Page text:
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Archive for Monday, February 28, 2005

Jackson trial to begin in full today with opening statements

February 28, 2005

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— Following years of accusations and three swift weeks of jury selection, the trial of Michael Jackson is to begin in full today, with opening statements expected to raise one troubling question: Is one of the world's most recognized pop stars a pedophile?

Santa Barbara County Dist. Atty. Tom Sneddon has built a case hinging on charges that Jackson in 2003 molested a 13-year-old leukemia patient at his secluded Neverland ranch, and that he and his employees held the boy and his family there against their will. Sneddon also is expected to allege that Jackson molested others, including a 13-year-old boy in 1993 whose family was reportedly paid a multimillion-dollar settlement by the singer.

In denying the charges, Jackson's attorneys, led by Thomas A. Mesereau Jr., are likely to paint the eccentric singer as an easy target for greedy parents willing to manipulate their children into making allegations of molestation. They will argue that Jackson's overly generous nature makes him vulnerable to con artists with hard-luck stories.

Santa Barbara County Superior Court Judge Rodney S. Melville, known for maintaining control in the courtroom, has placed a gag order on both sides, banned cameras from the courthouse and chides attorneys who stray from the point. It has been suggested that Melville will get the case to the jury well ahead of the expected five-month timetable.

Jackson, 46, who faces more than 20 years in prison if convicted on all 10 felony counts, was indicted after an investigation that lasted nearly two years and produced 1,900 pages of grand jury transcripts. Leaked excerpts from the transcript have prompted some legal experts to place the prosecution in the lead.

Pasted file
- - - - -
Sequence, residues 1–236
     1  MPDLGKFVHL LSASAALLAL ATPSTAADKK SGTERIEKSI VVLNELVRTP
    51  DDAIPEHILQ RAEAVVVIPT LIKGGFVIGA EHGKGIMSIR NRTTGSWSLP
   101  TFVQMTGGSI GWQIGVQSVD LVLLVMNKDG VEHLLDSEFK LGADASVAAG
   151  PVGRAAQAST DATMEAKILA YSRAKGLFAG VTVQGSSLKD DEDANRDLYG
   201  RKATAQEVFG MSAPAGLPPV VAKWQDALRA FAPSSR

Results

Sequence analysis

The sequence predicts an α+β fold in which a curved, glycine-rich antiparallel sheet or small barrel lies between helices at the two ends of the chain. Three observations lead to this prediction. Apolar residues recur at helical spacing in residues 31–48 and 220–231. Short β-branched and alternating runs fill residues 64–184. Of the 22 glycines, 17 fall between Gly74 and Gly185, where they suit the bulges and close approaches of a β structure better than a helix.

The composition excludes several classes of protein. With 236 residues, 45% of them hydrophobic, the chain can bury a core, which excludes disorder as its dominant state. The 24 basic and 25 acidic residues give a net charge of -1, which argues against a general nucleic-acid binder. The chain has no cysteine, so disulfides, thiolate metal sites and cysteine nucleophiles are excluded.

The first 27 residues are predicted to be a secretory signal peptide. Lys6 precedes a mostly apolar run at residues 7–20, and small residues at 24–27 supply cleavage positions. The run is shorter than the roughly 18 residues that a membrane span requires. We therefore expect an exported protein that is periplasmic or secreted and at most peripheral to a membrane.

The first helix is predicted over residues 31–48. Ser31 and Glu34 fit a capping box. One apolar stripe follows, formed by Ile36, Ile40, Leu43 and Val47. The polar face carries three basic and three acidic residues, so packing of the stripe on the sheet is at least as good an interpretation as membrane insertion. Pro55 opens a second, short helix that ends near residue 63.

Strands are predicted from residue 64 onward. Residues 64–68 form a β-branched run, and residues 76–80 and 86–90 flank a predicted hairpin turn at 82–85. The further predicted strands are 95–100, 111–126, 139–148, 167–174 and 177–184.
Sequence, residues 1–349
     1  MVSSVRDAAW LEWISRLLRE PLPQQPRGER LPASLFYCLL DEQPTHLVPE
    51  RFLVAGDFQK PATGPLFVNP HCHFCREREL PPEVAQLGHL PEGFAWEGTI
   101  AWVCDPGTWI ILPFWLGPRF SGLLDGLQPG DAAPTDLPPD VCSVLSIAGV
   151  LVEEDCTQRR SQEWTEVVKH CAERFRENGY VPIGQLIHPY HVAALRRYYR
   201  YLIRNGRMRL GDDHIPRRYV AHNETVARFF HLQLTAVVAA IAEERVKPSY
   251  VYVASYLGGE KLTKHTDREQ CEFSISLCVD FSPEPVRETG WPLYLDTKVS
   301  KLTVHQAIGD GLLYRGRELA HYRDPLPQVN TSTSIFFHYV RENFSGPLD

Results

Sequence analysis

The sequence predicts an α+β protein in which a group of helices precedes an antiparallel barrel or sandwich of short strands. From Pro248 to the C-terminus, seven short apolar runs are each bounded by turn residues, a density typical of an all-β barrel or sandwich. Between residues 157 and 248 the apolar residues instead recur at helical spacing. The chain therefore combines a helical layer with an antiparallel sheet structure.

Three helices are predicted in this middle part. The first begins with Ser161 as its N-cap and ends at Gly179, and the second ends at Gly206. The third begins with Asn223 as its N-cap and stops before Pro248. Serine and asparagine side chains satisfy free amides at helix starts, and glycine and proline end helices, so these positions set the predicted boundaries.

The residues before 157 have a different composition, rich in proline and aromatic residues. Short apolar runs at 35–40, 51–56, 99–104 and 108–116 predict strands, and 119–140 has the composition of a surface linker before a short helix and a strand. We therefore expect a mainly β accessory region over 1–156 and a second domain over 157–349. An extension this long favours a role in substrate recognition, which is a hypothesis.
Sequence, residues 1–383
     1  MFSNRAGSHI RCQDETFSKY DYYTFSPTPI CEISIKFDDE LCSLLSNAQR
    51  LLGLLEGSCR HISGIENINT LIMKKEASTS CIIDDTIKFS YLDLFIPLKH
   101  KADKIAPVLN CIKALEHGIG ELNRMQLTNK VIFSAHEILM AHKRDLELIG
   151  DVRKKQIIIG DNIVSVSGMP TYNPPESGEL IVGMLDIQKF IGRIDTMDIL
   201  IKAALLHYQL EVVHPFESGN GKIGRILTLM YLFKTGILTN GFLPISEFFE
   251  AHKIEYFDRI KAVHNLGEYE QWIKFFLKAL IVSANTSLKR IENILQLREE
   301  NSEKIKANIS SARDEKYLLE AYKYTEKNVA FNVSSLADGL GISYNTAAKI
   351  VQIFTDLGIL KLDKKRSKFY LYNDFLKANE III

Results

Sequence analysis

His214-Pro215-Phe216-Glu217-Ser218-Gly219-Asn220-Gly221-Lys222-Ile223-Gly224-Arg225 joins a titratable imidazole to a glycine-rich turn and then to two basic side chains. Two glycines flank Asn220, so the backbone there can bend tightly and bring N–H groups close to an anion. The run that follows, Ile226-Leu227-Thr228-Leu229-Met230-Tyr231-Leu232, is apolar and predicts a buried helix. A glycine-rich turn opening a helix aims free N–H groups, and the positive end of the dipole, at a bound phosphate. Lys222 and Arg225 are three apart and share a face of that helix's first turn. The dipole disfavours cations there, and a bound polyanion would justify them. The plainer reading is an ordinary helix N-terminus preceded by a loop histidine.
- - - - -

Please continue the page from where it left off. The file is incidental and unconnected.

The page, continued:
As is customary, prosecutors will make their opening statement first. They are expected to contend that in pursuing a friendship with the young boy, Jackson was "grooming" him for a sexual relationship.

The defense is expected to detail how Jackson has invited thousands of children to Neverland over the years. The attorneys also will present expert testimony explaining the susceptibility of children to suggestion, especially by parents, therapists and investigators.

Mesereau has indicated that he will have to go after the accuser's mother, alleging that she has a history of attempting to shake down celebrities.

In a motion for expert testimony on Jackson's finances, prosecutors describe the star as "a multi-millionaire, albeit with a billionaire's spending habits."

"His motive in this case was to preserve both his fortune and his reputation, the integrity of which was central to his ability to continue to earn a significant income," prosecutors said.

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